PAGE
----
On Wednesday morning, December 12, Jill called to inform me that she could "now release information."  She gave me the name, phone number and email address of my birth mother NJ and asked whether I was going to contact NJ or whether she should contact me.  I drew a blank.  How does one answer that?  I hardly knew where to start after nearly 48 years of limbo.  I told Jill that I would contact NJ either sometime that day or the next but that first I wanted to think of some questions so I wouldn't sit on a phone and stutter stupidly like a fool since there was no way to know how I'd react in such uncharted waters.  I ended up emailing NJ later that night, making it clear that I was looking primarily for information because I didn't want to mislead her and telling her that if anything more was to come of this it would have to happen slowly over time.  As a result, I wanted to start from the safe distance of email and go forward from there.  Once my missive was sent, I proceeded to sit on tenterhooks while waiting to see how long it would take to get a reply.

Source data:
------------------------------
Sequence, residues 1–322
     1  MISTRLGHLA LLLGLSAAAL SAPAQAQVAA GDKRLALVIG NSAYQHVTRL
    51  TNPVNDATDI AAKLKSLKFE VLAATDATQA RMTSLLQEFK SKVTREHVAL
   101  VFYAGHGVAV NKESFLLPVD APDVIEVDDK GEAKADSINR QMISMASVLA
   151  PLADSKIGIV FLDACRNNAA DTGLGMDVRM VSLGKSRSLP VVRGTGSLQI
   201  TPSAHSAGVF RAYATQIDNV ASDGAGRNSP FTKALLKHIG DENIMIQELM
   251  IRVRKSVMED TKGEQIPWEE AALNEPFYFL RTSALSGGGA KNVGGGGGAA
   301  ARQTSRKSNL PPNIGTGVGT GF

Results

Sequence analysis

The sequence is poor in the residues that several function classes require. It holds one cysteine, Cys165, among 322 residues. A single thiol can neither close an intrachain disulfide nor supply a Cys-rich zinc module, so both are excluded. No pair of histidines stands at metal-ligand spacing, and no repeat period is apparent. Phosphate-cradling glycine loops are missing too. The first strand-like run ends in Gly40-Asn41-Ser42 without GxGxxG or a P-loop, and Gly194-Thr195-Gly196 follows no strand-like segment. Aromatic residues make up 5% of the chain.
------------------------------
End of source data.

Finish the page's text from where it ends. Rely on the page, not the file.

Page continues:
Meanwhile, I shared this stunning revelation with my "Posse" of friends in our online forum.  They were thrilled for me even as they advised caution initially.  While I was chatting with them I looked up and saw that an email from NJ had suddenly appeared in my inbox.  I gaped at it in awe.  Then I read it.  And read it again.  And again.  NJ very respectfully answered my email just as carefully and cautiously as I had approached her in my own.  The irony that her message came through at  12:30 am was not lost on me either...perhaps NJ was also a night owl, I thought.  I soaked in her words, marveling at them, then answered her back immediately.  It took longer to get a response the second time and I was surprised to find myself so twitchy and antsy with anticipation while awaiting her next email.  I nearly had to tie myself down to keep from calling her immediately.  So much for dignity and caution.